11 Ways to Build Healthy Personal Relationships

If you're honest, you'll probably admit that the world has left you jaded by Disney movies and failed relationships.

You have been made to believe that when you fall in love with the right person it is supposed to be easy from day one -- until the day you die.

You've been told that you just don't fight with good friends. That you just get along.

Which is absolutely wrong. 

And believing this fairy tale nonsense is costing you happiness and fulfillment.

And some great relationships.

You have to face it — relationships take work. All of them.

In truth, there is a secret to successful relationships that’s really not a secret at all.

It’s the commitment to doing something every day to make the relationship thrive.

It doesn’t have to be a huge gesture. Even the smallest things can make your relationship a bit more healthy. Here are a few of those:

1. Listen to Hear

Most people listen, but only so they know how to respond -- with a funny anecdote or a defense their terrible behavior.

Take time to hear what your partner, friend, or family member is trying to tell you. Then try to see things from their perspective before responding. Be present in the conversation.

Get rid of distractions and be all in. That means your phone too.

Let the person who is talking know you are listening by maintaining eye contact and nodding your head. Repeat back to them what you heard for clarification.  And calmly talk about the subject at hand.

Almost anything can be worked out with effective communication.

2. Speak Softly and Effectively

When something is bothering you in a relationship, it is best to get things out in the open. It is not best, however, to do it when you are in the midst of your feelings about it.

If you are angry, upset, or disappointed, it is best to give yourself enough time to think clearly before bringing up the sore subject. This allows you time to process what you want to say -- even if you have to write it down -- and it allows you to give your partner time to prepare for a conversation.

By the way, you can start that conversation with a simple: “I have some concerns I want to share with you”.

When you speak from your emotions, you are likely to say things that will most assuredly destroy your long relationship. So think before you speak. And speak softly.

3. Quality over quantity

It doesn’t matter what relationship you are building, spending time together is essential.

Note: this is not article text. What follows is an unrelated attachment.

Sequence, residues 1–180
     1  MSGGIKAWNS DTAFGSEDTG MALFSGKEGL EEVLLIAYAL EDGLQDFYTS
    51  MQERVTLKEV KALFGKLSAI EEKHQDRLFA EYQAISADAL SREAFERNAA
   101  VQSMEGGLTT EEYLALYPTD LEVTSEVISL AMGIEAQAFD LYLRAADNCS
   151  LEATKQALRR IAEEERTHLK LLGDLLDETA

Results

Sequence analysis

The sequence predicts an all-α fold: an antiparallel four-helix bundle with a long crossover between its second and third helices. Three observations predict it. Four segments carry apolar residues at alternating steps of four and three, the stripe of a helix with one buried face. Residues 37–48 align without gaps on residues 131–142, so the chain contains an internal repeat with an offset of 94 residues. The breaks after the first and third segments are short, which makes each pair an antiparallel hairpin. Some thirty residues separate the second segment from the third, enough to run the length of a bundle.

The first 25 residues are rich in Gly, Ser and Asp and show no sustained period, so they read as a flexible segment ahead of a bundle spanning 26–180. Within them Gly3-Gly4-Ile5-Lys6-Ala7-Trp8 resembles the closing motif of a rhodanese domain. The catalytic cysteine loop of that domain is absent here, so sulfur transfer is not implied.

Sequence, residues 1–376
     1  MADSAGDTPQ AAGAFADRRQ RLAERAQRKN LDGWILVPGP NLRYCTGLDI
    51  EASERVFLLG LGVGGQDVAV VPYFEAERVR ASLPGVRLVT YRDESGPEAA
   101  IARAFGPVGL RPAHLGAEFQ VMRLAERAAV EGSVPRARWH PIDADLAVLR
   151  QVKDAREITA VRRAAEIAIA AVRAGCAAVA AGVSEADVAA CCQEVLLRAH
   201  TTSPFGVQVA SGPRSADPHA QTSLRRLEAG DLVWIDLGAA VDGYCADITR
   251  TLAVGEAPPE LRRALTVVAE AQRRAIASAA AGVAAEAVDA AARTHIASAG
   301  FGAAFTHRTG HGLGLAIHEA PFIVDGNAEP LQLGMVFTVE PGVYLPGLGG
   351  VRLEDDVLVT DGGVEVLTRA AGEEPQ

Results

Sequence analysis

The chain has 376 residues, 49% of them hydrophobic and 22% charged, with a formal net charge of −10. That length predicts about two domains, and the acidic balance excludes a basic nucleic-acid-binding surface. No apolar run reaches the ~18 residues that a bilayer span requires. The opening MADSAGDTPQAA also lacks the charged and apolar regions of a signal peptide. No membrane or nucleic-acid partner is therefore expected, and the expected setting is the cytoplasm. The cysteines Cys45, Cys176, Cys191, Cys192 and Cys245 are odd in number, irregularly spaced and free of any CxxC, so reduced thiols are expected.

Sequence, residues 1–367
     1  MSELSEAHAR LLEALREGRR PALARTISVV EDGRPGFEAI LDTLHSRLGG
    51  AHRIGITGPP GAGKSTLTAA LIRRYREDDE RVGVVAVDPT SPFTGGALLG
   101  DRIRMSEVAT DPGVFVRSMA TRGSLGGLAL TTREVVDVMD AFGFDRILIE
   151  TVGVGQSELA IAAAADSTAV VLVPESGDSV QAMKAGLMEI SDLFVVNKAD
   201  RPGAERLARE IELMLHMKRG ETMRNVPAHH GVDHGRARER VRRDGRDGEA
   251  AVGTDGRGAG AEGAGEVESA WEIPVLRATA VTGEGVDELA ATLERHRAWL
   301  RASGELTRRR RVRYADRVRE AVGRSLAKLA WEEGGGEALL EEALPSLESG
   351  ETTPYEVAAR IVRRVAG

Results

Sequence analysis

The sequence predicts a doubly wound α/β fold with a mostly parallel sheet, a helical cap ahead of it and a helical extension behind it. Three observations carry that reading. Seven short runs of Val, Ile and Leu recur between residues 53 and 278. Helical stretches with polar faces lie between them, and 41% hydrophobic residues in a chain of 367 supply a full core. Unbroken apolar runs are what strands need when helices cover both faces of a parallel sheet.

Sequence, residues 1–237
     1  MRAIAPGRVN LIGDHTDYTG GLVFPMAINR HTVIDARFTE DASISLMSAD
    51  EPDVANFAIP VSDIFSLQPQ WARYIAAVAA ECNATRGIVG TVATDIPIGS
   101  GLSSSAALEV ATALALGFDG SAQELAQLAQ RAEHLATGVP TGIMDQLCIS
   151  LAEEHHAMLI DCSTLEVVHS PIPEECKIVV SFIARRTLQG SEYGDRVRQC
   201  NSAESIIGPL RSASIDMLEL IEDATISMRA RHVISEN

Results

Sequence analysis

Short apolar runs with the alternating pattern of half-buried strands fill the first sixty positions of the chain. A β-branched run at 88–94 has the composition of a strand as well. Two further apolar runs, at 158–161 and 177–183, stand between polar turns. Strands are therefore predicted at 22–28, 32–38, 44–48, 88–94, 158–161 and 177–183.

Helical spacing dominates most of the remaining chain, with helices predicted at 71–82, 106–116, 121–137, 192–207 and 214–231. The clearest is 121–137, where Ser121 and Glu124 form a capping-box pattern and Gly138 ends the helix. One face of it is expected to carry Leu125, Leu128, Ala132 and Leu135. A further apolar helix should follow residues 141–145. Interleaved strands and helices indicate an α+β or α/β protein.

Living with your partner and trying to spend time with kids, enjoy friends, or an aging parent, requires a focus on what really matters. The quality of the time you spend.

Cooking dinner while your child sits at the table doing homework is definitely time spent together. Teaching your child to cook dinner with you while laughing and having fun is quality time spent together.

See the difference?

Living with your partner and seeing them every day and going to bed with them every night is time spent together. Knowing your partner had a rough day and asking them if they want to talk about it before bed is quality time spent together.

See the difference?

Just because you are next to a person, doesn’t mean that they appreciate that time.Making the effort to bring quality time to a relationship is key to extending the life of that relationship.

4. Be trusting

Everybody has a past. We all have a tendency to take the bad events from our past and project them on to those around us. We project past hurts on to our current relationships and beat ourselves up with “what if it happens again?”

And that makes you not want to trust. Anyone. 

You remember what you were like as a teenager and question every decision your kids are making because you don’t trust they are doing the right thing.

Relationships cannot be built around distrust.

Sure, it’s easier said than done, but trust has to be given. You have to believe that your child, your partner, your friend, or your parent has every intention of doing what they tell you.

Expecting the worst in your relationships from the start is likely to give you exactly what you were most afraid of.

So give trust in your relationships. Be bold enough to trust.
 

5. Admit and Apologize

If you have broken someone’s trust, don’t cover it up with a lie. Don’t try to place the blame somewhere else. Admit that you were wrong. It shows respect, empathy.  

And it shows the other person that their feelings mean something to you.

Not only that, it opens the lines of communication to talk more freely about the expectations of the relationship. Everyone feels better after an apology.

Your conscience is clear and they feel valued knowing that you did something hard -- because the relationship matters.